Ratatouille: Good enough for chefs?
Ratatouille is being called one of the best movies of the year. I totally agree.
As posted before, the crew and animators were trained to cook by Thomas Keller, meaning they ate well and were taught by one of the best. But did it pay off? Were the animated cooking scenes authentic and realistic enough?
According to Michael Ruhlman’s blog (as well as Anthony Bourdain) it was definitely as realistic as an animated movie could be.
Ratatouille does get the ethos of the kitchen and the strange strivings of the cook exactly right (mainly embodied and described by Colette). There’s a single error that I can see, one noted in an email to me by Bob del Grosso: the little rat chef reveals himself as a talented cook not just by fixing a soup completely ruined by the main human character, Linguini, but by making it somehow ethereal. An impossibility as any cook knows, especially as over salting appears to have been one of the problems. But that single glitch aside, the movie is a paean to passionate cooking and a moving description of the professional kitchen.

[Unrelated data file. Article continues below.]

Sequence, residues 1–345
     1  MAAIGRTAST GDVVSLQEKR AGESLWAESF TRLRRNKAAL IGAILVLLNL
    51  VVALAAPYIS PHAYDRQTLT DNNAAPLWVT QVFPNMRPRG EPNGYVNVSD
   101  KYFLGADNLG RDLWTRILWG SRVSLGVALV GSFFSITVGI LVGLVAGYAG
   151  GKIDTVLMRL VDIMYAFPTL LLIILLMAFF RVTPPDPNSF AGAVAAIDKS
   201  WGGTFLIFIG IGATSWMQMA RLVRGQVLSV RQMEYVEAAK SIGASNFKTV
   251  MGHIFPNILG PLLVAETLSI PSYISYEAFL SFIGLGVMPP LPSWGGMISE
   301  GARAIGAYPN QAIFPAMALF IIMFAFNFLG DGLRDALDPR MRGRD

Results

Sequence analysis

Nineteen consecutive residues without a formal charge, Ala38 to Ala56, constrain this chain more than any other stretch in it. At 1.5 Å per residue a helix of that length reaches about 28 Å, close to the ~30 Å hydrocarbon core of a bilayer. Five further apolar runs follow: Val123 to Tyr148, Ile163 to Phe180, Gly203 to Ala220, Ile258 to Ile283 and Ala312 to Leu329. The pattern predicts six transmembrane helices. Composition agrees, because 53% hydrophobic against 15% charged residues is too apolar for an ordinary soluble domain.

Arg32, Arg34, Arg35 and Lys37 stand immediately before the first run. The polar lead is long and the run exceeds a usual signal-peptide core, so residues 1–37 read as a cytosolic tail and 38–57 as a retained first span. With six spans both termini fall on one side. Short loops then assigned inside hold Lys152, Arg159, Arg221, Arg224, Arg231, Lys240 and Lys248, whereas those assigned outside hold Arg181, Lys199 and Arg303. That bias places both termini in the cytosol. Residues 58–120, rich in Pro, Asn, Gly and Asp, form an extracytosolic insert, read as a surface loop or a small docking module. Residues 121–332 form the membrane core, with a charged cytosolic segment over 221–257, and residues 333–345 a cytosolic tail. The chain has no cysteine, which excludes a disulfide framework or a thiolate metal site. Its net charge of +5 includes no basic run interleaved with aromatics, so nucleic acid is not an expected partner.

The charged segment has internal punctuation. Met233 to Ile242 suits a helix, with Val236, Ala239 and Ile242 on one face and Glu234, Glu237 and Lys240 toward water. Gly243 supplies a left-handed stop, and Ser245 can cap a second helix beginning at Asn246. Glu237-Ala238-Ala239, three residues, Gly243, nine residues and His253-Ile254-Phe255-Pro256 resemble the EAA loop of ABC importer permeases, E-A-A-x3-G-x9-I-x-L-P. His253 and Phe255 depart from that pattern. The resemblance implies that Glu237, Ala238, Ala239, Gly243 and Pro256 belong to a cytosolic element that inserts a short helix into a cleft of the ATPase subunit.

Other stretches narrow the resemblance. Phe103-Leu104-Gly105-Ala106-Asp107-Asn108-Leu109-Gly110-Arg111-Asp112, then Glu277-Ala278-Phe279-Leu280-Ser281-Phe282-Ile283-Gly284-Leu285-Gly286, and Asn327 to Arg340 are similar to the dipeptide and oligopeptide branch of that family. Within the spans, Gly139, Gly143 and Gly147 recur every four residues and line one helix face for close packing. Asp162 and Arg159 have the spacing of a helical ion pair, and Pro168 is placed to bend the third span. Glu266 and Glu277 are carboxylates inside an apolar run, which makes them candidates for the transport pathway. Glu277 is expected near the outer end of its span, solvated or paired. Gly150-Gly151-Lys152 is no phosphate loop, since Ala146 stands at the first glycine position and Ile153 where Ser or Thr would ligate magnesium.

Bob wrote, “the movie was brilliant and so affective that I came away feeling like a schmuck that a rat could cook so much better than I. I actually wept a bit during a scene when the evil food critic eats the rat’s (Keller’s I’ll bet) ratatouille”
As for Bourdain…
“I think it’s quite simply the best food movie ever made,” Tony wrote today in an email. “The best restaurant movie ever made–the best chef movie. The tiny details are astonishing: The faded burns on the cooks’ wrists. The “personal histories” of the cooks…the attention paid to the food…And the Anton Ego ratatouille epiphany hit me like a punch in the chest–literally breathtaking. I saw it in a theater entirely full with adults–and the reaction to that moment was what movie making was once–a long time ago–all about: Audible surprise, delight, awe and even a measure of enlightenment. I am hugely and disproportionately proud that my miniscule contribution (if any) early early in the project’s development led to a “thank you” in the credits. Amazing how much they got “right.”
Photo from Flickr.